I’m way behind on posting a link to this (because again, I keep forgetting that I even have this site these days). A while back I backed the creation of a wonderful role-playing game from Sigil Stone, called Vow of Honor. It intrigued me as it really focused on the core of what I felt being a “good” character should play like in a tabletop game. In a sea of mostly-amoral gray-shaded games, it read like a breath of fresh air. As a firm believer that Lawful Good is the best of all alignments, I was hooked, and I ended up backing at a high enough level to get my own character portrait right there in the book.
And of course, being me, I had to have a villainous portrayal. Hey, I love me some LG, but I also equally love a well-done villain! Read More »
It’s been a long while coming, but I’m pleased to finally announce that after much tooling around and growing dissatisfaction with games that I’ve played this process with, HAMMERCRAWL! is now being developed as a complete new game from the ground up. If you aren’t familiar with the concept, HAMMERCRAWL! started as my own home-brew method of running “classic” style D&D-based tournament pick-up games with 100% randomly-generated components. I originally meant for it to be a “method” applied to existing games, but none of the games I played quite satisfied my needs for this experiment. I got tired of shoe-horning the current popular games of the “scene” into the process, and just decided to approach the whole thing from a fresh perspective. Read More »
Hello fellow Savages! A number of you have been routed this way from the Pinnacle Website, and I want to introduce myself and the new game. I’m N. Phillip Cole, creator of Motobushido, the Motorcycle-Samurai Roleplaying game. Back in 2014 I had the pleasure of sitting with Shane Hensley on a design panel at a local convention here in Portland, OR, where he was attending as one of our guests of honor. I managed to fanboyishly slip a copy of my original Motobushido game book into his hands, and shortly after he approached me about the possibility of writing a brand new Savage Worlds version of that game. Cue my head exploding of awesome! Read More »
(I posted this earlier today directly to the original Kickstarter page, but with an official announcement pending I am putting this post up as an official rally point.)
Hello folks! So a while back, I got contracted to write a Savage Worlds version of Motobushido for Pinnacle. To make a long story short, that version (three books!) is now completely written, back under my domain and direction as a licensed Savage Worlds release, and is being geared up for an actual public release. Read More »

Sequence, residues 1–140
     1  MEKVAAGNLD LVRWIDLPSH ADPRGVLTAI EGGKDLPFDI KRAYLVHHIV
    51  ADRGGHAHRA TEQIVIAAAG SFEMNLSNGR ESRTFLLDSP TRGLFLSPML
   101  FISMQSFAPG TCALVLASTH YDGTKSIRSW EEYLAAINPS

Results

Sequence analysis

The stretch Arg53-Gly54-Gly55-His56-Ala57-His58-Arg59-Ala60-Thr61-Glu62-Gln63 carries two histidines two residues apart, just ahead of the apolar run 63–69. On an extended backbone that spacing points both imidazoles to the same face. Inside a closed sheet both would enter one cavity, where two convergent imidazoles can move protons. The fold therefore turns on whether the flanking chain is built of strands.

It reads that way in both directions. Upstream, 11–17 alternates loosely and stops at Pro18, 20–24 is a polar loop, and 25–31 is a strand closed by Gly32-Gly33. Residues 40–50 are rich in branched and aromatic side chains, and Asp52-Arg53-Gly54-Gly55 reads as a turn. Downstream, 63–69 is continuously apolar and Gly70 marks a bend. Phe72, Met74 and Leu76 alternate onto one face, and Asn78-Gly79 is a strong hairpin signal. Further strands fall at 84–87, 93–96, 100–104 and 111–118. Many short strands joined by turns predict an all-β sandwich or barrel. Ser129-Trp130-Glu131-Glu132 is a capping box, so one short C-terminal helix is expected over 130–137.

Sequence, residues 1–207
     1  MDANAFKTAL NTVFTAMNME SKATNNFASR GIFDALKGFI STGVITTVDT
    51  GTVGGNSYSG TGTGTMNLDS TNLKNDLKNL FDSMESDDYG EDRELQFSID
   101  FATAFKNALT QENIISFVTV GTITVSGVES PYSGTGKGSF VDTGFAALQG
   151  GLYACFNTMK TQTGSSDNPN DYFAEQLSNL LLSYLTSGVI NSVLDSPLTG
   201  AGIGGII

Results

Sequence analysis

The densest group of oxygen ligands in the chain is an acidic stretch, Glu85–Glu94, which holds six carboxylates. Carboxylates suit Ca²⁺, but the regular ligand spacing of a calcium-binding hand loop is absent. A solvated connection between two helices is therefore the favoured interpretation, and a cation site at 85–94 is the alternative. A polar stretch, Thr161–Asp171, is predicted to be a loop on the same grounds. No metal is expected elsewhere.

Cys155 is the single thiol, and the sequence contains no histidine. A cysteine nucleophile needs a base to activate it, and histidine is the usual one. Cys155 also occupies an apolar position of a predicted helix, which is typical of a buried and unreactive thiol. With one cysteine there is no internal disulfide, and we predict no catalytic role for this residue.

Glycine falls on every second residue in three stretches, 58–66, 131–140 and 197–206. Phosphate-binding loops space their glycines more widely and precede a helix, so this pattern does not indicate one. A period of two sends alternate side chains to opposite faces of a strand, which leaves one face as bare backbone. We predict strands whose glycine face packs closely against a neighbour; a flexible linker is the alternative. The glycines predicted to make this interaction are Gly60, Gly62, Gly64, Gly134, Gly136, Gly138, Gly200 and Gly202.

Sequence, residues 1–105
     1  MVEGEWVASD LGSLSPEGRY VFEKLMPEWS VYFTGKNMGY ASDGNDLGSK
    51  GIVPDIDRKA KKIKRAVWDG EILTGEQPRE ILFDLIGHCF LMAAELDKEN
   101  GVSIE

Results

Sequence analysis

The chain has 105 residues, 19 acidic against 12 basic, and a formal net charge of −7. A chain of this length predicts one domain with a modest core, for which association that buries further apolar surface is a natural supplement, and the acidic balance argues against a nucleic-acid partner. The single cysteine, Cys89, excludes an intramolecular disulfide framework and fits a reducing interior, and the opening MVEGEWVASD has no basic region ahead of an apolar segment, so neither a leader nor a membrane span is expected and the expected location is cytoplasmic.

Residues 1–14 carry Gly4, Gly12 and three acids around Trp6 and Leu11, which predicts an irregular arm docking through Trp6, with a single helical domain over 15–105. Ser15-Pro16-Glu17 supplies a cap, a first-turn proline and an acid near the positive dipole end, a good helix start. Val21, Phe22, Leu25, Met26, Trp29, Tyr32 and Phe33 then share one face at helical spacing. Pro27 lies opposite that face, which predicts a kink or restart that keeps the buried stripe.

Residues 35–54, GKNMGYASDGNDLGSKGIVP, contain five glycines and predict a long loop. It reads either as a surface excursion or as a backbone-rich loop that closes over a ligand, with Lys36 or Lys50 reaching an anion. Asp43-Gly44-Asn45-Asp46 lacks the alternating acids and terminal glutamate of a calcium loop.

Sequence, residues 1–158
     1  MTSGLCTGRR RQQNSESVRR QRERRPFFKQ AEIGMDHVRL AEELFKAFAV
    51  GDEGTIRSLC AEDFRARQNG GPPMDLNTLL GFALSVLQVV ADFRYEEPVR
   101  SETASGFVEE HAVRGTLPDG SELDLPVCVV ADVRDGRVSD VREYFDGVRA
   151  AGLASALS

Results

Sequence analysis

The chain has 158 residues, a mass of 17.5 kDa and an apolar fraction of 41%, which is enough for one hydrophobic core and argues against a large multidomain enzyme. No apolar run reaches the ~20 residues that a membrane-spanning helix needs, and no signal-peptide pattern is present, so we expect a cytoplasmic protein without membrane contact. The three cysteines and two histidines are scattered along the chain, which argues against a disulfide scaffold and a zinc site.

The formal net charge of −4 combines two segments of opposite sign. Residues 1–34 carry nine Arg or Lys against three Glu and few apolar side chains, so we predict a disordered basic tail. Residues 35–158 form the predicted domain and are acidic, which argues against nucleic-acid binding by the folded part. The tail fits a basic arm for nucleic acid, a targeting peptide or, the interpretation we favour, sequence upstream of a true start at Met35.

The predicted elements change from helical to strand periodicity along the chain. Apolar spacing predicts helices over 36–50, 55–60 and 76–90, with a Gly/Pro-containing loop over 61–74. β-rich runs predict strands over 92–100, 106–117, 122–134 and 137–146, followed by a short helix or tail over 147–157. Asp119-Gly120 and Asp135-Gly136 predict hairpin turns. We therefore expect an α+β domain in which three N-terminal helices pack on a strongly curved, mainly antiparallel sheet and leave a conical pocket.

After a bit of work over the past weekend, I finally assembled a newer, crisper version of the HAMMERCRAWL! gaming method outline document. This current version is a refinement of the last blog post I wrote on the matter, taking a lot of those pieces and reorganizing them into a usable-at-the-table reference text. Like all my current and planned future work, this new document can be found on GitHub: https://github.com/nonplayer/hammercrawl
I’ll be running this again in two nights at this weekend’s upcoming Gamestorm convention here in Portland. I’d love to hear from anyone else who has read this and given it a shot, too!
In this post I want to share the “Random Encounters and Vistas” house rules that we use in my ongoing D&D campaign. This set of rules has crossed game editions from OD&D (using the Rules Cyclopedia) through 2nd Edition AD&D and into today’s 5th Edition D&D incarnation of this campaign. Before you say it, yes, I know, every D&D blog under the Sun has their own random encounter rules. While some groups out there find the very concept of random encounters completely anathema to their style of play, there are still dozens of approaches to the rules for groups that find them useful. That’s one of my favorite parts about this grand new digital age for my most beloved hobby: there’s any number of ways to do any one thing in your games, something for everyone and then some. So here are mine.
Lately we’ve been playing a lot of exploration-heavy games in our main group. Be it exploring a newly-discovered southern continent in our Forthalome campaign (which I swear I will get back to some day), or traveling cross-country back in the northernmost reaches of the homeland in our Northwarde campaign, the process of The Journey has become a core focus in many of our sessions. The flow we use is in many ways similar to the “Hex Crawl” approach to gaming, albeit with a few personal twists and less of a main stage focus. For us, we always have a starting point and a destination in mind, and everything in between is largely undefined. Random encounters mixed with direct requests for improvisational player input help us flesh out all of that intervening space while also making it an active play event at the table. Read More »